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Elsevier Clinical Skills

Mechanical Ventilation: Pressure-Regulated Volume Control Ventilation (Respiratory Therapy)


Pressure-regulated volume control (PRVC) ventilation is a mode of mechanical ventilation that combines volume and pressure control ventilation. It is considered a dual mode of ventilation that uses a decelerating waveform. PRVC is an appropriate mode of ventilation for patients who require a specific tidal volume (VT) with the lowest effective pressure, such as those with acute respiratory distress syndrome (ARDS). In the PRVC mode, the ventilator delivers a volume-controlled breath. Using the plateau pressure from the previous delivered breath, the ventilator delivers the next breath. This allows the lowest delivery pressure, which is the target VT.

PRVC is an adaptive control form of ventilation that allows automatic adjustment of targets (pressure versus volume) over several breaths to maintain a selected target; in this case, volume is targeted.1 In this manner, the PRVC mode may help prevent volutrauma and barotrauma by limiting the delivery pressure to 5 cm H2O below the set upper pressure limit alarm.1

PRVC adjusts flow rates to meet demand when lung compliance changes; VT is kept constant, resulting in a more normalized breathing pattern. PRVC may be used in infants with ARDS because the ventilator responds to changing lung compliance and decreases the incidence of air leaks that are common in this age group. If lung compliance decreases or airway resistance increases, the system flow increases. If lung compliance increases or airway resistance decreases, the system flow decreases. PRVC provides the comfort of pressure ventilation for patients with reliable minute ventilation.

A mandatory rate is also set for the patient. All breaths are patient triggered or time triggered. The ventilator compares volume and pressure values from the previous breath and increases or decreases pressure levels according to tidal or minute ventilation. The pressure level that is delivered is between the set positive end-expiratory pressure (PEEP) and the set upper pressure limit. If the measured volume either increases or decreases above or below the settings, the pressure decreases or increases accordingly in small increments to a maximum determined by the type of ventilator. The pressure available is set 5 cm H2O below1 the set upper pressure limit, and if this pressure is reached, the ventilator’s alarm sounds and the ventilator delivers as much of the set volume as possible.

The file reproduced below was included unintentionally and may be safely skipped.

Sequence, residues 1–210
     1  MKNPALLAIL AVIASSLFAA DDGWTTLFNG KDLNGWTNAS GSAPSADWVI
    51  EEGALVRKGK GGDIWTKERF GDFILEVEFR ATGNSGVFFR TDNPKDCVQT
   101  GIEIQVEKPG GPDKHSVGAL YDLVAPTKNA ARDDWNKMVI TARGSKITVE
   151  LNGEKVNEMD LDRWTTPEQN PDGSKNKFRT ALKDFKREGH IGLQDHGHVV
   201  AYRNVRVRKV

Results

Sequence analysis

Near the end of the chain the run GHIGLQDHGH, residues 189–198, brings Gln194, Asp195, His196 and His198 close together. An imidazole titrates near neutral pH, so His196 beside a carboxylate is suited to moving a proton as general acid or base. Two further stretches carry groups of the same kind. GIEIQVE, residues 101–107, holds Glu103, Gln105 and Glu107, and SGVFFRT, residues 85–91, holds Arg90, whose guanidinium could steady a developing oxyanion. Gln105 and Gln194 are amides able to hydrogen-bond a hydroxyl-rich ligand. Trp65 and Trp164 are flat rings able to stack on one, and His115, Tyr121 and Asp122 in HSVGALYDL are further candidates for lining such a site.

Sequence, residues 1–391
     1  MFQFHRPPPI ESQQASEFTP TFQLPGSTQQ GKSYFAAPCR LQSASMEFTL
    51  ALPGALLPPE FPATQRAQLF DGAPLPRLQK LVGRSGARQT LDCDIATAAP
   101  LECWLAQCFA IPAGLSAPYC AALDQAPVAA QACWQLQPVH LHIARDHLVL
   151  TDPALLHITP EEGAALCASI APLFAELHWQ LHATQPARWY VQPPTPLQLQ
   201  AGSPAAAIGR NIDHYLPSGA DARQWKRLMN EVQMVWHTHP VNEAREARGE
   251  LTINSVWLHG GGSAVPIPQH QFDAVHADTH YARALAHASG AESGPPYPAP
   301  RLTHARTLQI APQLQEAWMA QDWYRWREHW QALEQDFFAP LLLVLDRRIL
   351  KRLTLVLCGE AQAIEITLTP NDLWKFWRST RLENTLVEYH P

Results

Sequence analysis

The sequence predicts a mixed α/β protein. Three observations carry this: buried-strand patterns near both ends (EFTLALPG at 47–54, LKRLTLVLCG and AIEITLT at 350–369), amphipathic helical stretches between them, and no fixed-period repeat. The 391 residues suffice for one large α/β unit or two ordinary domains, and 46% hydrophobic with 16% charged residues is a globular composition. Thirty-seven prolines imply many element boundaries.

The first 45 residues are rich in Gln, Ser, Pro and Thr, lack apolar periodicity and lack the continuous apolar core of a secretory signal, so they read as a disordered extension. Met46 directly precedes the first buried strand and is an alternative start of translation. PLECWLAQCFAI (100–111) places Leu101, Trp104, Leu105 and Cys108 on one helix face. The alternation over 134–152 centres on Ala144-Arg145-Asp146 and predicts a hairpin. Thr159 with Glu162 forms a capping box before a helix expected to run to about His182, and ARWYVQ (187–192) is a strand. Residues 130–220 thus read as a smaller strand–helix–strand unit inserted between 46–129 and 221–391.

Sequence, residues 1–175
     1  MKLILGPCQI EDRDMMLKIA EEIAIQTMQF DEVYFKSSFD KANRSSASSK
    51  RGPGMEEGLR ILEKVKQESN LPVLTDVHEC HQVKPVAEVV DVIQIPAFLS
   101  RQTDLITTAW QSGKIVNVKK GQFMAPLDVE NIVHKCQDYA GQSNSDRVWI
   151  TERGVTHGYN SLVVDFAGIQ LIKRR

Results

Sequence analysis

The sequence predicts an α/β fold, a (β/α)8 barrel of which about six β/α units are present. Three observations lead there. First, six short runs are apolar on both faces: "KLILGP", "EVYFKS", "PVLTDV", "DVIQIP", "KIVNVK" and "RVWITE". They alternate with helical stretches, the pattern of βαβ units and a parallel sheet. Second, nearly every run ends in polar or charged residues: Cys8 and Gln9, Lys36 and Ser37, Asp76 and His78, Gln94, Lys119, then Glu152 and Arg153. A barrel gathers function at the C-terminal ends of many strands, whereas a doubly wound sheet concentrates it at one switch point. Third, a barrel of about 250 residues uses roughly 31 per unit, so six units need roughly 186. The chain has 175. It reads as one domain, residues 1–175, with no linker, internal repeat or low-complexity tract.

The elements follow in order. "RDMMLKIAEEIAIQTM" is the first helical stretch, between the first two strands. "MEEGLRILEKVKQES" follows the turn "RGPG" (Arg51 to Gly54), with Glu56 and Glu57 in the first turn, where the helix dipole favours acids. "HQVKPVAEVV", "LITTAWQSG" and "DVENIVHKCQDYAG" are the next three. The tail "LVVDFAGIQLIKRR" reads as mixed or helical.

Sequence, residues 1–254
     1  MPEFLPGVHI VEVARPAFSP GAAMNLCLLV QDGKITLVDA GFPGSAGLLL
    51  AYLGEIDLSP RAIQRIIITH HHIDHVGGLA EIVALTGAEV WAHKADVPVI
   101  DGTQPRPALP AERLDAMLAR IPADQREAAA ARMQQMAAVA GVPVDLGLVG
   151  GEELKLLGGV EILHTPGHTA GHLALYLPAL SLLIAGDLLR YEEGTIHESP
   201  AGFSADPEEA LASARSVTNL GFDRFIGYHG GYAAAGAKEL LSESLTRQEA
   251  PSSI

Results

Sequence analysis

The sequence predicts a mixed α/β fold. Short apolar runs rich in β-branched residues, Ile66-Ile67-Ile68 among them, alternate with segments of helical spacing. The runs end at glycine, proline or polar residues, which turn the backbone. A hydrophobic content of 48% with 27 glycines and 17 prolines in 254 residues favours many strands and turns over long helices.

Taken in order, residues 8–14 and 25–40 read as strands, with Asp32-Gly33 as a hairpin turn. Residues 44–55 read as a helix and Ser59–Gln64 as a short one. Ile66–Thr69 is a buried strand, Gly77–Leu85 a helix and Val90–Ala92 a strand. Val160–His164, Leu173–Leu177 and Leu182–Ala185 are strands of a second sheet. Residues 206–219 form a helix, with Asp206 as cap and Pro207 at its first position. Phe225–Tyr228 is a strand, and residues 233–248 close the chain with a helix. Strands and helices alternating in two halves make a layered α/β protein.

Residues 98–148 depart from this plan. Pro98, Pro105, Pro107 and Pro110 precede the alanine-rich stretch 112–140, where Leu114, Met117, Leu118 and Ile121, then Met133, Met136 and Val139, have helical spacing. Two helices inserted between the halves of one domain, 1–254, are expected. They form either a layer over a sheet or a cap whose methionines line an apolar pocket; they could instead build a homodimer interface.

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  • Provide developmentally and culturally appropriate education based on the desire for knowledge, readiness to learn, and overall neurologic and psychosocial state.
  • Address the indications for PRVC, the potential hazards, and the expected outcomes with the patient and family.
  • Encourage questions and answer them as they arise.



  1. Perform hand hygiene before patient contact.
  2. Introduce yourself to the patient.
  3. Verify the correct patient using two identifiers.
  4. Assess the patient for respiratory deterioration as evidenced by arterial blood gas (ABG) values, vital signs, level of consciousness, work of breathing, and underlying causes (e.g., apnea, impending respiratory failure).
  5. Assess chest radiograph findings.


  1. Before initiating mechanical ventilation, check the system microprocessor or ventilation system. Perform a short self-test as appropriate.
    1. Verify compliance of the heat-moisture exchanger (HME), humidifier, and filters (if needed).
    2. Document the completed ventilation system test. Include pass or fail, date, and initials or signature and credentials of the respiratory therapist (RT).
  2. Verify the authorized practitioner’s order for the initiation of mechanical ventilation.


  1. Perform hand hygiene and don gloves.
  2. Verify the correct patient using two identifiers.
  3. Explain the procedure to the patient and ensure that the patient agrees to treatment.
  4. Plug the mechanical ventilator power cord into a red outlet and connect the high-pressure hose to the appropriate gas source.
  5. Turn on the ventilator.
  6. Select the appropriate patient designation (i.e., adult, pediatric, infant).